There's a feeling i've had about Coach Tedford's playcalling in critical situations over the last few years that I've struggled to put into words, a kind of anger and disappointment, that when i try to express on CGB (esp. after the criner-catch loss at arizona a few years back) the cgb mods (esp. avi) sort of bulldoze with their cool logic and levelheadedness. it is easy to be cast as a firebrand on this blog. but that third shanked field goal yesterday seemed to help this feeling in the pit of my stomach find its proper expression. some other cgb'ers seem to be expressing similar kinds of feelings and are still being met with the same kind of resistance.
to people who say that they were overall happy with tedford's coaching at ohio state--i sort of understand where you're coming from. the offense had an identity and a rhythm. i was happy with the early going for it on fourth. BUT, that field goal, in my opinion, nullifies it all for me. "but tedford put us in a position to win, so he deserves credit for that." fine, but you overestimate the importance of being in a position to win. the whole point of being in a position to win, is to win. the fact that tedford balks in these kinds of situations undermines all of the confidence he's built up in me through his great playcaling. imagine a firefighter who knows everything about fire science, is great at driving the fire truck, taking care of the equipment, but does not respond well to emergencies. well, that's a deal breaker, right? the point of taking care of the equipment and driving to the fire is to put the fire out. close games that call for ballsy decisions are an inherent part of coaching football. it's not some rare exception. it's going to happen over and over again. it's where coaches need to thrive, and in my opinion it's where tedford wilts. and it's why you absolutely CAN look at a football game on a micro level. a game happens in regular chronological time. the coaches can see the scoreboard, the time on the clock. it's not like judges break down the film later and score everything after the fact. you know exactly how much weight is resting on that fourth down. so, okay, the micro level is not the quintessentially best lens through which to view a game, but this makes tedford's mistake even less forgivable in my eyes. there are only so many plays in a game where you can say, "no, this is our win. we're going to get a first down, bleed the clock and if you do get it back, you'll need seven to tie us and you won't have much time to do it."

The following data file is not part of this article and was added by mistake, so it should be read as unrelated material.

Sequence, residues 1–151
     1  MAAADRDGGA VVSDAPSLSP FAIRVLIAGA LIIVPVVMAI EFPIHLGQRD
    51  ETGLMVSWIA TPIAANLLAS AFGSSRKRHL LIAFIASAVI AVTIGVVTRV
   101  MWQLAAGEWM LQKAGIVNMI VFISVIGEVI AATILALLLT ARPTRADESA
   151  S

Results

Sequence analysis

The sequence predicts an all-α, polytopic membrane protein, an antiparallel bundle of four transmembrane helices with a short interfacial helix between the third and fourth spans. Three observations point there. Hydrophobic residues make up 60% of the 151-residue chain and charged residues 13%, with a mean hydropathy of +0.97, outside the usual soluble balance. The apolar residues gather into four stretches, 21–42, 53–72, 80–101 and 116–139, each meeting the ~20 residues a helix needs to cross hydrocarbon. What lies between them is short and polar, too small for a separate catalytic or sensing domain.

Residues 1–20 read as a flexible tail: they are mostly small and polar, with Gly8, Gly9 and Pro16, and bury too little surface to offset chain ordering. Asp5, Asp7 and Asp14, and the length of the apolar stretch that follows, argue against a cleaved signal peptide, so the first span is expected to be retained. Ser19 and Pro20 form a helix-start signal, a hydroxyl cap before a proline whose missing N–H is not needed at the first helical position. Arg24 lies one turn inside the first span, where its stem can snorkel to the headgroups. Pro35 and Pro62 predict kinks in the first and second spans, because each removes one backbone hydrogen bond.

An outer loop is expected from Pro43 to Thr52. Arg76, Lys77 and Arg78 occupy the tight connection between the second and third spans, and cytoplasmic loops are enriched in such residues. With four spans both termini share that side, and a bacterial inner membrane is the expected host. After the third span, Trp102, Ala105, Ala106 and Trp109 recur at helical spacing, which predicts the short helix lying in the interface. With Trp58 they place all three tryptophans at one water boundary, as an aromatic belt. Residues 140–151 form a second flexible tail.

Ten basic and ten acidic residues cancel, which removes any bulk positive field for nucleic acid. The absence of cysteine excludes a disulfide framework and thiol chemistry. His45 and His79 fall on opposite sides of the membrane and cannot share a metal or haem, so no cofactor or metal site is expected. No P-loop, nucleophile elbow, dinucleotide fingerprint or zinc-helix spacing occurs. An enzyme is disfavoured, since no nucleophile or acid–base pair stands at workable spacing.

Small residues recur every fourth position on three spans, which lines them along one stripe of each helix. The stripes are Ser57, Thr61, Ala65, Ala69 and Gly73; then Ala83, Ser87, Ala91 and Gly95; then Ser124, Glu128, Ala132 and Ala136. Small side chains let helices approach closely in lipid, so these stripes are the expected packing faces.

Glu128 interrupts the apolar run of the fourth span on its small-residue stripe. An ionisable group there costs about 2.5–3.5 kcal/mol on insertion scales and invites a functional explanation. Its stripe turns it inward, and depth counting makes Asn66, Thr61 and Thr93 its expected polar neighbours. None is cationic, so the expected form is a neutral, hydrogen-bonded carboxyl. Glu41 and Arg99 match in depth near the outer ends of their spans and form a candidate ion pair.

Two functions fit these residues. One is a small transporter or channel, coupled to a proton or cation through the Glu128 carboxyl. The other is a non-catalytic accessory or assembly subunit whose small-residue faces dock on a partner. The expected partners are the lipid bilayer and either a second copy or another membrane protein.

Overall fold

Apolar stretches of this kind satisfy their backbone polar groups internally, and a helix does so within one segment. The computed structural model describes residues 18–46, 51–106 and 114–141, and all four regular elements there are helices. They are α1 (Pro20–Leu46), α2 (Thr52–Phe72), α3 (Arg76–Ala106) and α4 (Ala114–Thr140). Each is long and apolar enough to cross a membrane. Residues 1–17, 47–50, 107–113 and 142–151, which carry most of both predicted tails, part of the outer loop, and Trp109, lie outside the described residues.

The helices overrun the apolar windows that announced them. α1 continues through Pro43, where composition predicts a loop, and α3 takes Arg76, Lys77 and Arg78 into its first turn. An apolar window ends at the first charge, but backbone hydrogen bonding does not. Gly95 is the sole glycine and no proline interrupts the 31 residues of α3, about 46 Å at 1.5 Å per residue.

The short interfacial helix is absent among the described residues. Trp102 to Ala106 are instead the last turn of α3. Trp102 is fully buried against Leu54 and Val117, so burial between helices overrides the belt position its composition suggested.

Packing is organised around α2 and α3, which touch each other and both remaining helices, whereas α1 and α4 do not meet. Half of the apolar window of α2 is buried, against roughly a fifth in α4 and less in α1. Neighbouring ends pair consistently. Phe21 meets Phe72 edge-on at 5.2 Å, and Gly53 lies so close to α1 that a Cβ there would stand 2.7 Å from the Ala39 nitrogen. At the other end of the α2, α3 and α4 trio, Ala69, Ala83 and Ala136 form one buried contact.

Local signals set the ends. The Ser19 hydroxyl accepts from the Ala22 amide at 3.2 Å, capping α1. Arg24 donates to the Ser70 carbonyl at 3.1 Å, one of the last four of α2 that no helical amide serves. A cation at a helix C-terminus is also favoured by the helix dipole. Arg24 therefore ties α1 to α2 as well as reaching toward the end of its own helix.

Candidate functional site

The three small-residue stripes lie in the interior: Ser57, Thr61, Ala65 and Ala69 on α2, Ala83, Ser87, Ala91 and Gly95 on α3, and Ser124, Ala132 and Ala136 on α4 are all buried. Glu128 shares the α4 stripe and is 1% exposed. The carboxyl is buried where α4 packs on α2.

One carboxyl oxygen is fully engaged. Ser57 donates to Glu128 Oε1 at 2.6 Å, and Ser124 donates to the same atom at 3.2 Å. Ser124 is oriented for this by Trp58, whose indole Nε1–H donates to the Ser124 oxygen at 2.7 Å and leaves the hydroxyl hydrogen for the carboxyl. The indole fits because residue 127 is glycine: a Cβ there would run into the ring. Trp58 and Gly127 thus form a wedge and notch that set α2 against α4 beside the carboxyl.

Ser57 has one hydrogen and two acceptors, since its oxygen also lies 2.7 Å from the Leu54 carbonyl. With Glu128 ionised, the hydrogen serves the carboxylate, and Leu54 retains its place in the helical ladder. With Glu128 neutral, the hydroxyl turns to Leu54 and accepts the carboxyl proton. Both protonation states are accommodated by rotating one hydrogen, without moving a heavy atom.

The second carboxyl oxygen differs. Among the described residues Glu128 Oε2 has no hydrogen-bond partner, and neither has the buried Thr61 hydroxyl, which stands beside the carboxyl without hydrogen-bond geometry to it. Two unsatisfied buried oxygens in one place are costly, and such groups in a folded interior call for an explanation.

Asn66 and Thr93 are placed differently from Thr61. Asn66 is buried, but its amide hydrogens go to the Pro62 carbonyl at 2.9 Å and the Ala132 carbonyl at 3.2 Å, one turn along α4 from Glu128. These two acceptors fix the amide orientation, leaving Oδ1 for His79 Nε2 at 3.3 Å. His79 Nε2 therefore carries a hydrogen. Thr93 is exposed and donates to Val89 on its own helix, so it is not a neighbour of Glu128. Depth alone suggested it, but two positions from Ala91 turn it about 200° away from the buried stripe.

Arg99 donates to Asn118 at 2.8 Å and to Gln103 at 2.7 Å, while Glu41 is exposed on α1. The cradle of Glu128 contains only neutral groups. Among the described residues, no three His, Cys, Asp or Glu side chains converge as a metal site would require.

you can imagine a football game in terms of a tennis match. a tennis match with sets, games, points, advantages can be visually represented as an inverted pyramid. the further along a match goes the more weight rests on smaller and smaller increments of scoring. the reason that roger federer is arguably the best player ever is not because he never gave up sets, but that he played better when the micro substructure of the match obtruded itself. and andy roddick is a guy who underperformed and lost a lot to fed, including a wimbeldon final he, "put himself in postition to win" because he didn't.
tedford makes decisions that are conventional, and so easy to explain later on paper, but i think what riles me so much about these decisions and the dismissiveness of some people on cgb to my anger is that football doesn't happen in some vacuum of probabilities. the attitude with which you approach the task changes the probabilities. there are self-fulfilling prophecies at work. a team who doesn't gear itself towards converting 4th and shorts will be worse at it than teams that would have sprinted to the line already with a call for such a situation and executed it. football, like poker cannot be explained only in terms of probabilities. it takes a feel, a nuance--where you often have to make your own luck. you're often rewarded for aggression when the conventional wisdom calls for passivity. i think it's so hard for me to argue my point or express myself, because i think what i'm approaching is some coaching analogue to religion. i can't quantify or talk in probabilities, because what i think tedford lacks is precisely the ability to transcend the conventional. if that's the case, then these postmortems on cgb will always be filled with comments like, "dude, you gotta take the points" convention is offered as a counterargument to grievances against tedford when that's exactly what we're mad about to begin with. the justification for the way we lost is also the reason WHY we lost. and i think that's a dynamic people are tapping into ( a small minority), that these end of game decisions seem like their made to produce good justifications for losing instead of points to win the game. i don't think this is a conscious thing, like tedford actually wants to lose, but it's just something in his nature that fear of fucking up dominates when a game gets tense. tedford is hamlet when we need a macbeth. it ends poorly for both of those guys, true, but at least macbeth got to be king for a while.